Wall Street Blues

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'Cratering' by Chris JohnstonOver the course of the last year the Dow has lost 35 per cent of its value, amounting to trillions of dollars. Newspapers here in the States are peppered with references to the market 'cratering', a bleak term that for me conjures the desolate, lifeless landscape of the moon. A friend suggested another interpretation: 'A crater — it's what's left after a massive explosion.'

Which is funny, because to me our situation has none of the immediacy or clarity of an explosion. It turns out the idea of a 'stock market crash' is a misnomer. Things don't happen all at once. Anything but.

First the mortgages, then the banks, then industry ... it's the slow-motion collapse of a building, floor by floor, or the implosion of a web, a broken strand in one section causing undue pressure and breaks in altogether different and hard to predict areas.

While we in the States were caught up with evaluating our $850 billion bailout, the European banks began to wobble significantly. Today the conventional wisdom is that only by working together internationally can we address the crises we face. And even after we begin to do that, the market tumbles.

Everywhere in the news we hear of the 'panic'. Yet as I walk through the streets of Manhattan these days, things seem much the same as always. Passersby brusque as ever, pushing their way down the sidewalks, irrespective of signals or other pedestrians. Vendors selling ice cream and hot dogs on street corners. The sirens of police cars sounding in the distance. Tourists wandering through midtown hand in hand, off to see a show or wonder at the nighttime pulse of Times Square, while failed or failing investment firms stand unseen all around them.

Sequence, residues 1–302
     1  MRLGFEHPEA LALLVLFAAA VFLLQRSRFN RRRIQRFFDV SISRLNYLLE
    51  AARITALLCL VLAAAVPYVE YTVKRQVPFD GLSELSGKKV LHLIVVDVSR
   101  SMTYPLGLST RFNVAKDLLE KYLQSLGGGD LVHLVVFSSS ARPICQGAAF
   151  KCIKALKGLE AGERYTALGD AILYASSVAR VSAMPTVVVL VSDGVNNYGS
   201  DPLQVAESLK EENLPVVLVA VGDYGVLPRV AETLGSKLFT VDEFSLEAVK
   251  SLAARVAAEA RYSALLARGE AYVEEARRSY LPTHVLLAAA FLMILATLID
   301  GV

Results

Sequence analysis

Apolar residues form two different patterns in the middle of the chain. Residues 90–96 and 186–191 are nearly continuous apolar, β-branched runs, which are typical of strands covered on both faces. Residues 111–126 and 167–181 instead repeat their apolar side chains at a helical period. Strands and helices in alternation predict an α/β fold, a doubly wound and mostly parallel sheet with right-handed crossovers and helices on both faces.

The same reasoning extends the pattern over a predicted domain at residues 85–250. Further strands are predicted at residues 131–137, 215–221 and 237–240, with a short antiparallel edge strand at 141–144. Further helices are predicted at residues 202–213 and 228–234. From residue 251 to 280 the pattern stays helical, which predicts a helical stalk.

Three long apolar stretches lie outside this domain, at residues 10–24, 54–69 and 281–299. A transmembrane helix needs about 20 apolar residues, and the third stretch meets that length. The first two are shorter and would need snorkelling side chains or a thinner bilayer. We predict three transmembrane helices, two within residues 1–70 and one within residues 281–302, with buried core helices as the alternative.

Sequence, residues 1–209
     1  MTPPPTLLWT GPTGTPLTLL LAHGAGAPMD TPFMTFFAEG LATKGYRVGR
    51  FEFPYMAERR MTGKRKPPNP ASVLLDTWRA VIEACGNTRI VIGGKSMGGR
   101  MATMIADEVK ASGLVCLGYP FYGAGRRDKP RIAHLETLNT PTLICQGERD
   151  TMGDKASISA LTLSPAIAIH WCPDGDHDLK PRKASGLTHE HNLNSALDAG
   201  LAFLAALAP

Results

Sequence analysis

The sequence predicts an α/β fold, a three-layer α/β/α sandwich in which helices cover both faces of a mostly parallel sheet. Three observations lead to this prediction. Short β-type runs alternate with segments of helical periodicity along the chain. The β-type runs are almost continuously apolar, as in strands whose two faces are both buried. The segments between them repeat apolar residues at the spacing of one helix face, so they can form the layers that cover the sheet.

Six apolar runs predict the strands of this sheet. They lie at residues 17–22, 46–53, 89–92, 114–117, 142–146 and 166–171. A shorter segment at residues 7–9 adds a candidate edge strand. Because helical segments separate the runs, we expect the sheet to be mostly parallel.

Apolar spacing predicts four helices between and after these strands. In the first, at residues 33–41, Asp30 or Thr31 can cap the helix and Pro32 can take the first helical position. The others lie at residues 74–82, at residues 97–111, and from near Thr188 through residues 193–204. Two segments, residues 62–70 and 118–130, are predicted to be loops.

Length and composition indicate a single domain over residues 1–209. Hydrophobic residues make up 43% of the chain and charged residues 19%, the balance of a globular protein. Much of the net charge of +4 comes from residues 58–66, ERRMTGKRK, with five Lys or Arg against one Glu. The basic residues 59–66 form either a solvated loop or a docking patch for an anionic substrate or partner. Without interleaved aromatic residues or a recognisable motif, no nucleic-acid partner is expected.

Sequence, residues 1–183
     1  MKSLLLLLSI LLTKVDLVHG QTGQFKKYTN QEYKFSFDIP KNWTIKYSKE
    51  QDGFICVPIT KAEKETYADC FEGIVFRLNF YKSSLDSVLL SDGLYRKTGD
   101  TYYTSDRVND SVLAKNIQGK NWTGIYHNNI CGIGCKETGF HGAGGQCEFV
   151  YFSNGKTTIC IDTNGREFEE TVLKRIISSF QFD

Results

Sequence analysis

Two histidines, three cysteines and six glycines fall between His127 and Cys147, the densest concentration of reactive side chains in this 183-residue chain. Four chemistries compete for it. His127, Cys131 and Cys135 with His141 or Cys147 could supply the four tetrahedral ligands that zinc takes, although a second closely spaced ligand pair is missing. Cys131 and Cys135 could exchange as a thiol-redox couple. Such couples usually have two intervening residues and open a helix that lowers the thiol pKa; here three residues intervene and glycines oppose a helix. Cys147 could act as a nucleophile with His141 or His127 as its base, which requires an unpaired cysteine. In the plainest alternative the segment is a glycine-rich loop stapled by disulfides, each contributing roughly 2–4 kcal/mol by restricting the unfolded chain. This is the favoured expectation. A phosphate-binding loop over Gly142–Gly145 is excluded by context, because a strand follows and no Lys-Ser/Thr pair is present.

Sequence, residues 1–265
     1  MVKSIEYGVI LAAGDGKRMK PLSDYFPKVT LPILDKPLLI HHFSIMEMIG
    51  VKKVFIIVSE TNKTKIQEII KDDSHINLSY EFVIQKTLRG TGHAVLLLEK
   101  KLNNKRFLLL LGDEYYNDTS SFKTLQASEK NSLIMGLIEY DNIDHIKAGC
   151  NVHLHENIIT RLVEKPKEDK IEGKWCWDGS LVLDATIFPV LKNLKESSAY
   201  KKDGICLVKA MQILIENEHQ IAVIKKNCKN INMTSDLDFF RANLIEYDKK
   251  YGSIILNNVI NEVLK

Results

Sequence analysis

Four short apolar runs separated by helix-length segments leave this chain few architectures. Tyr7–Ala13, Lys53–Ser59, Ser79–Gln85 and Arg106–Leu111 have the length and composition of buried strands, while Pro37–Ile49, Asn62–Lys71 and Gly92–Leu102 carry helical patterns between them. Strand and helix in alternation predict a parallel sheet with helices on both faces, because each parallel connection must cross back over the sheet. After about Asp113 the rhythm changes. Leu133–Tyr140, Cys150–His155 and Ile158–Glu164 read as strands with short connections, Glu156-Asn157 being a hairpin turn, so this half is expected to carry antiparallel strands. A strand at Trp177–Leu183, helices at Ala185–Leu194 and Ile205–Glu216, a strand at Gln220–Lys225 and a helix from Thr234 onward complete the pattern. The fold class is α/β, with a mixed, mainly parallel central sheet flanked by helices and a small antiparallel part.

I'm not sure what that points to, that odd disconnection between physical and financial realities. And the mind plays funny tricks in the gaps, seeks consistency or a narrative where maybe there is none.

A newspaper box on a street corner, the papers within a week old. Has the paper abandoned it because of the financial crisis? The New York Times, the United States' premier newspaper, recently announced it was merging a few sections. Was this long in the works, or a consequence of the last few weeks?

Suddenly everything is about the crisis, even that which isn't. I saw tourists in Central Park taking a picture in front of a grand old building and wondered if that building stood for them as a sort of memorial of a time of wealth, a way of taking things for granted now on the way out. But it wasn't, it was just a nice photo op.

The moon rose in midafternoon over the weekend and it seemed eerie and apocalyptic. I've seen too many movies not to turn readily to the end of things.

But the sun still shines and the birds still sing. And my dad, 62, a retired steamfitter and my mom, 61, a secretary, have their pension invested in stocks, but still talk mostly of the trip they're going to take in November to celebrate their 40th wedding anniversary.

Maybe it's all about trust. Not just in the stock market, its every rise and fall these days a punctuation mark on people's confidence or lack thereof, but also in everything else in our lives.

We get up in the morning, go outside and every move we make is conditional on a certain amount of trust: that drivers will stop at stop lights and cashiers give us correct change; that gravity will work today the same as it did yesterday; and even more fundamentally, whether stock prices go high or low, whether our families or our bodies thrive or diminish.

That there is good in this world and I will have the chance in some way to savour that goodness today. Perhaps that is all the narrative we need.